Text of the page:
Geomorphic imprints of dynamic topography and intraplate tectonism in central Australia Journal Article uri icon



  • <p>The Finke River in central Australia is counted among the world’s oldest drainage systems, raising the prospect that it holds a geomorphic record relevant to testing ideas about the role of sub-lithospheric mantle flow in shaping the Australian landscape. The Finke’s upper reaches preserve an enigmatic set of intertwined active and relict gorges that suggest a complex history of incision, aggradation and re-incision. We measured cosmogenic <sup>10</sup>Be and <sup>26</sup>Al in fluvial gravels stored in the gorges, and we applied a Markov chain Monte Carlo-based inversion model to test two limiting-case hypotheses about the timing of the gravel deposition and exhumation. Our results suggest that the nuclide memory contained within the gravels was essentially erased during protracted sediment storage. Previous studies attribute landscape evolution to the intensified post-Miocene aridity in tune with the perception that central Australia experienced limited deformation during the Cenozoic. However, the close correlation between drainage network patterns and the gravity field leads us to propose, instead, that incision/aggradation phases in the upper Finke are driven by a flexural response (at ~10<sup>2</sup> km length scales) to extreme uncompensated loads embedded in the crust. Further, we suggest that dynamic mantle processes have deformed the central Australian topography over longer (~10<sup>3</sup> km) wavelengths via the in-situ stress field, with horizontal stress variations of order 1–10 MPa. Acting together, these crustal and sub-lithospheric structures have imposed to-and-fro tilting on the Finke, triggering the phases of incision/aggradation on a million-year timescale that created the unusual intertwined bedrock gorges. The amplitude of topographic responses in the upper Finke to inferred variations in end-loading on the plate helps resolve an ongoing debate about the effective elastic thickness of the central Australian lithosphere to no more than 35 km.</p>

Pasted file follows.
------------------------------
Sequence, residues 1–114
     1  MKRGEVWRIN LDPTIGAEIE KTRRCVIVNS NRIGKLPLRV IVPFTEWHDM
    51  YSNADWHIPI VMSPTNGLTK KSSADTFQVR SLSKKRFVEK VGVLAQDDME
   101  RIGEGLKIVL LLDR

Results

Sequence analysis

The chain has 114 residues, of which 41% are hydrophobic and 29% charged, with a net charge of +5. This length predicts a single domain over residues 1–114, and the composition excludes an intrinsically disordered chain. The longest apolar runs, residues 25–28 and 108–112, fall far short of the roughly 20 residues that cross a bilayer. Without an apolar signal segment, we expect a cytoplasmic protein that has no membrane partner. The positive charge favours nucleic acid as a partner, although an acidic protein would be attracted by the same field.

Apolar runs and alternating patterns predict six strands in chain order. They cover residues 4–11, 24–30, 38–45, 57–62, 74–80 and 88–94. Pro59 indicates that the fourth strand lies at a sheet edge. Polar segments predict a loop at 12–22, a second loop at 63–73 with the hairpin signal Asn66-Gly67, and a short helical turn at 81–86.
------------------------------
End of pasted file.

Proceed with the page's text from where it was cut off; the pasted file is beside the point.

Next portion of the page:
publication date

  • March 4, 2021

has restriction

  • closed

Date in CU Experts

  • March 13, 2021 12:23 PM

Full Author List

  • Jansen J; Sandiford M; Fujioka T; Cohen T; Struck M; Anderson S; Anderson R; Egholm D

author count

  • 8

Other Profiles